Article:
EY’s bosses have approved a plan to split the Big Four firm into separate audit and advisory businesses, with the radical break-up proposal now proceeding to a vote of 13,000 partners.

The decision, which would reshape the accounting industry, follows a summer of delays and internal disagreements over how a split should work as EY aims for a stock market listing of its advisory arm late next year.

Like its Big Four rivals — Deloitte, KPMG and PwC — EY is a network of national member firms in about 150 countries. The leaders of EY’s 15 largest members, which account for about 80 per cent of its $45bn annual revenues, were “unanimous” in wanting to put the split to partner votes, said Carmine Di Sibio, EY’s global chair and chief executive.

Leaders at the 312,000-person firm are betting the audit and advisory arms can grow faster as separate businesses unconstrained by conflicts of interest that prevent its consultants from working with audit clients. The split would give clients “more choice”, Di Sibio said.

Under the plan, EY’s audit-focused business with revenues of about $18bn would remain in the existing partnership structure. A separate, larger advisory business would be spun out into a standalone company, with a stake of up to 15 per cent sold to external investors.

EY’s plan assumes aggressive revenue growth in both businesses — up to 7 per cent annually in the audit-led business and 18 per cent in the advisory company, according to people familiar with the matter.

Partners are likely to be pitted against their former colleagues after the split because the audit business will retain some advisory capabilities and its growth will depend partly on bulking up its consulting operations.

EY’s partners, who have been promised big payouts if the break-up happens, will now be asked to vote country-by-country on whether to back the deal between November and January before a final vote of the firm’s global board and ratification by its governance council.

Di Sibio refused to say whether he was confident of winning partners’ backing. “[Our] leaders would not put this forward unless we thought it was the right thing to do,” he said.

EY’s Chinese operations have been excluded from the deal, meaning the country’s consultants will remain tied to the firm’s audit business.

“The one country of the top 15 that we will need to do more work on is China,” Di Sibio said. EY has failed to devise a deal structure deemed satisfactory by Chinese regulators.

Both the consultants and auditors of any EY member firm that reject the split will stay as part of the global audit firm.

Parts of the new businesses will be subject to a non-compete clause. “We’re still debating the timeframe — probably three years,” Di Sibio said.

The audit business is set to retain the EY brand while the advisory business would be given a new name. “That hasn’t been totally decided but that’s the presumption,” Di Sibio said.

If it goes ahead, the break-up would trigger multimillion-dollar windfalls for the current crop of partners but doubts remain over how the need to deliver returns to external shareholders in the advisory business would affect the pay and promotion prospects of future generations.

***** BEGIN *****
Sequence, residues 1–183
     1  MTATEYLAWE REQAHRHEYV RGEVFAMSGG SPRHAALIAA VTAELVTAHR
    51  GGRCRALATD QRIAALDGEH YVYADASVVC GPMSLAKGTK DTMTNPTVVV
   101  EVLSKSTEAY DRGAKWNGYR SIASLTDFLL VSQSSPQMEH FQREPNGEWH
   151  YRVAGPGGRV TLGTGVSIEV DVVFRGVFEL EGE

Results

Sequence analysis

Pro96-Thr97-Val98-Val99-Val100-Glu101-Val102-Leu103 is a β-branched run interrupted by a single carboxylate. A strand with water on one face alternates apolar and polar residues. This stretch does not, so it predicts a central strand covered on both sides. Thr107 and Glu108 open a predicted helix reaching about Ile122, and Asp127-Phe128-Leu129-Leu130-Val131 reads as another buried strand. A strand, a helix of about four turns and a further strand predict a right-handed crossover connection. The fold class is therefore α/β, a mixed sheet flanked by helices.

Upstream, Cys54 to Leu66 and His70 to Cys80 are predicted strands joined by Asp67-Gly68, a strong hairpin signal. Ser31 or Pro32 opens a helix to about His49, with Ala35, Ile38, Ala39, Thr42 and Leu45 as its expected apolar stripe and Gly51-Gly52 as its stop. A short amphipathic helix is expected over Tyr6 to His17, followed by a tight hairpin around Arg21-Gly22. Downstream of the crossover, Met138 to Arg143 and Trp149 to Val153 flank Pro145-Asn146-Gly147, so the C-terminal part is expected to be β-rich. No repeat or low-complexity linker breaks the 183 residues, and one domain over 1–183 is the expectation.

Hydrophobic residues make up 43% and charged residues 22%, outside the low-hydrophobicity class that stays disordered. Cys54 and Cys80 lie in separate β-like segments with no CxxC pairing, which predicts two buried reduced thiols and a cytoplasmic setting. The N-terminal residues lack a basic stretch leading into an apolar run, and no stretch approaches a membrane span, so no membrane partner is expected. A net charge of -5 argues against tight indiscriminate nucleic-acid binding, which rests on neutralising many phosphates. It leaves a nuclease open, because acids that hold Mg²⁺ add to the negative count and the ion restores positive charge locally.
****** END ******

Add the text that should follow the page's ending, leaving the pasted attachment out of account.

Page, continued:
Consulting partners would be handed a 75 per cent share of the advisory business, potentially worth as much as seven to nine times their annual salary, depending on the company’s eventual valuation.

However, the shares would be awarded over five years, effectively tying the financial fortunes of partners to the success of the new venture. Partner earnings in the new company would be cut substantially in the meantime and a cost-cutting programme would be launched.

Audit partners are set to receive cash payouts, modelled at two and four times their annual earnings.

Audit partners had been pressing for a better deal to account for roughly $10bn in unfunded pension liabilities and potential legal payouts from litigation relating to audit scandals at collapsed companies such as Germany’s Wirecard and UK-listed NMC Health.

The auditors’ payouts and the audit business’s debts are intended to be covered largely by a sale of equity to external investors and $17bn of borrowing by the advisory business, said people with knowledge of the plans.

Regulators who need to sign off on the deal are likely to seek reassurance that the downsized audit firm would be capable of withstanding large potential lawsuits in future.

EY Global is being advised by Goldman Sachs and JPMorgan while Rothschild, Lazard and Evercore have been counselling individual member firms on the implications of a split for their partners, according to people with knowledge of the matter. Mercer, the consultancy, has advised on how payouts should be split between partners, said another person familiar with the matter.

Simpson Thacher & Bartlett and Linklaters are providing legal advice, said people familiar with the matter. Slaughter and May is advising EY UK.

Deloitte, KPMG and PwC have rejected a split of their own but may come under increasing pressure from their own partners to find a strategy that can match the short-term payouts on offer at EY if its break-up goes ahead.

Source link


Please enter your comment!
Please enter your name here